What It Is (posts below left; rate sheet, client list, other stuff below right)
My name is Bob Land. I am a full-time freelance editor and proofreader, and occasional indexer. This blog is my website.
You'll find my rate sheet and client list here, as well as musings on the life of a freelancer; editing, proofreading, and indexing concerns and issues; my ongoing battles with books and production; and the occasional personal revelation.
Feel free to contact me directly with additional questions: firstname.lastname@example.org.
Thanks for visiting. Leave me a comment. Come back often.
Friday, October 17, 2008
return to a real world
Just returned from a week out of the bunker. Traveling with Tere, Mitchell, and Harry in Connecticut, New Hampshire, and New York -- a couple of nights on the island of my birth, some time in NYC, a little visiting with my brother (also a proofreader) and sister-in-law, and a long day coming back home today.
A few non-work-related observations: New England is lovely when you can pick and choose which seasons you spend there. Having no inclination toward winter sports, lost my enjoyment long ago of very cold weather, and an absence of desire to spend multiple thousands of dollars on heating oil each winter, SW Virginia suits me just fine. But spending time seeing lakes that are not the creation of the Tennessee Valley Authority is a nice change.
If you are within 250 miles of New York City and have a free night, go to the Music Box Theater on 45th Street and see August: Osage County. Good Lord, there's hardly anything better than incredible live theatre. And this is as good as it gets.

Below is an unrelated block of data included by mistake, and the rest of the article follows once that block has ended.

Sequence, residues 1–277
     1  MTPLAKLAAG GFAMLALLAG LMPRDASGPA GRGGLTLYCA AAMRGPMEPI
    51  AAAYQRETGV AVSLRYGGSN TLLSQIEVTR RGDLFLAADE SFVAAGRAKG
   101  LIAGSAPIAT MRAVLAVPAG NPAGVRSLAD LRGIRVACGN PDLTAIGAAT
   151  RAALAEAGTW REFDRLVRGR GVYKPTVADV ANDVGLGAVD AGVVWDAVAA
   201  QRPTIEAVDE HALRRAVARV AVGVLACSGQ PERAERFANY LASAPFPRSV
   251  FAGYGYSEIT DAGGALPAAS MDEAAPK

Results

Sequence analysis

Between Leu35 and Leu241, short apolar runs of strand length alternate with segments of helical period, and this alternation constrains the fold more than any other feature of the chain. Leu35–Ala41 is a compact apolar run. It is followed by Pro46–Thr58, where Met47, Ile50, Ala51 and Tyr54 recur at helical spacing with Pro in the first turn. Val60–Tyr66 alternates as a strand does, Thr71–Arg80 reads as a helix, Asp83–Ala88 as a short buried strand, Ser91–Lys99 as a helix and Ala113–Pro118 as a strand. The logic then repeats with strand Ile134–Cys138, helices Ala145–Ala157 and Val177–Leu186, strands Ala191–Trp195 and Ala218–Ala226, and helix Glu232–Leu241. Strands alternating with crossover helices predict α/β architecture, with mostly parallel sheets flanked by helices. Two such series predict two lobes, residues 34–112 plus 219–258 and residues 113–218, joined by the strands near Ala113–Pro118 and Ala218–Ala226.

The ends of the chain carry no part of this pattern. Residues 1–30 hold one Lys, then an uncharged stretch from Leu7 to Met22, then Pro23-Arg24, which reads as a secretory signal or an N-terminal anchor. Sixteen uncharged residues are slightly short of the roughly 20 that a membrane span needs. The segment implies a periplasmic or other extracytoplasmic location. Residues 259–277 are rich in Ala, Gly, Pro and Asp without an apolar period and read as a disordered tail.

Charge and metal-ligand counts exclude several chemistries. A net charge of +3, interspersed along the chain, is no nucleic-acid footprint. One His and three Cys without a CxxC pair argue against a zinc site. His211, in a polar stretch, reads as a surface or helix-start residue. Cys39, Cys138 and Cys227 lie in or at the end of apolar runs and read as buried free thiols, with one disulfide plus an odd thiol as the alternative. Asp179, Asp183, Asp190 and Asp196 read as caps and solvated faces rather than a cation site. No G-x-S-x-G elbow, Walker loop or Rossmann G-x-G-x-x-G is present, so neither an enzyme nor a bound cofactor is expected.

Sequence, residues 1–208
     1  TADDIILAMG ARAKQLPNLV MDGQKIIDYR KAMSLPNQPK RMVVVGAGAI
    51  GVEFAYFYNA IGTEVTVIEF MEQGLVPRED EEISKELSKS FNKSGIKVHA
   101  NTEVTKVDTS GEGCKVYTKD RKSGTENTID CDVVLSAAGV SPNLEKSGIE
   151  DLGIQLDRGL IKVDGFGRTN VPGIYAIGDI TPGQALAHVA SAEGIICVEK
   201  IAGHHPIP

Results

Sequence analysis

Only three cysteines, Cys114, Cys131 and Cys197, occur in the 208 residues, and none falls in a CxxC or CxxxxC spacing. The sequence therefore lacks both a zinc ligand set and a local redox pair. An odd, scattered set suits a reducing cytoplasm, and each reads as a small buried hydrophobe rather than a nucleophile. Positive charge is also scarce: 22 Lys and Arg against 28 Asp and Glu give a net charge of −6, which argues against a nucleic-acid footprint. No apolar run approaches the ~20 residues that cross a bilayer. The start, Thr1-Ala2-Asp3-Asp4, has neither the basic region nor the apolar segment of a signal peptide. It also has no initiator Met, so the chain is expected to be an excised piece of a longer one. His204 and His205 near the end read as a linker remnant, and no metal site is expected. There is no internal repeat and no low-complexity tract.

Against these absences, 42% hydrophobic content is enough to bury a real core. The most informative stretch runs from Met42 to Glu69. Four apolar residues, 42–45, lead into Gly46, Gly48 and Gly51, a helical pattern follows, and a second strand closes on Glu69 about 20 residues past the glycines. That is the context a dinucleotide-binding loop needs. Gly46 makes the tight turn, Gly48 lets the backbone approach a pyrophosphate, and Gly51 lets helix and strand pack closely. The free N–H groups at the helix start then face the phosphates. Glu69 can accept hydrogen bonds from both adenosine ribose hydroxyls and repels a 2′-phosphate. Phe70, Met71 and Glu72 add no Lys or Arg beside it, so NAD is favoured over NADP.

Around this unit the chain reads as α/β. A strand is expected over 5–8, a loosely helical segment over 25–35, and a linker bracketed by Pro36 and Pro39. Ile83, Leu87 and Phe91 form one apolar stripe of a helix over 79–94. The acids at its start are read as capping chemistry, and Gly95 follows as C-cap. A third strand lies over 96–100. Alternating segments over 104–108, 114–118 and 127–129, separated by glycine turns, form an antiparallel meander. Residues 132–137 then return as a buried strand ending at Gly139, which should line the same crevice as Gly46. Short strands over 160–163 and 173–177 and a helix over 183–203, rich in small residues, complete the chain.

Keeping up via email with the LandonDemand intergalactic empire, some issues are being raised about proofreading of manuscripts: my standard line is that manuscripts are copyedited and page proofs are proofread. Different functions, different tasks.
Some indexes are coming in that don't appear to be the kind that will have me dialing the suicide hotline.
Payments are picking up a little. Nice.
I've maintained for 20-plus years that a bad economy is good for freelancers. I think what will be important for me going forward is reminding companies of my availability. I exchanged some emails with a formerly very good client that I've not heard from so much lately; I used to do dozens of books for them each year, but this year have done only three. I wrote to make sure I'd done nothing to cause offense, and was told that work was being sent to those freelancers who told the publisher that they were available. Not that I've been lacking for work, but I like working for these folks very much and would rather have a lot of their work on my schedule than some of the other things through which I've been slogging. So, to the extent I need to market at all, it's more a matter of keeping good clients active than breaking new ground.
I'm working now with two or three self-publishing authors, and while sometimes there's a little more hand-holding than I like, my impression of self-publishing is a whole lot better than it used to be, and I should probably devote some blog entries to that topic.
Financial markets, election tensions, and so on . . . I used to be a newshound. These days, silence is a more and more attractive alternative. I'm tiring of hearing the same things day after day, and little is more tiresome than the sound of my own voice.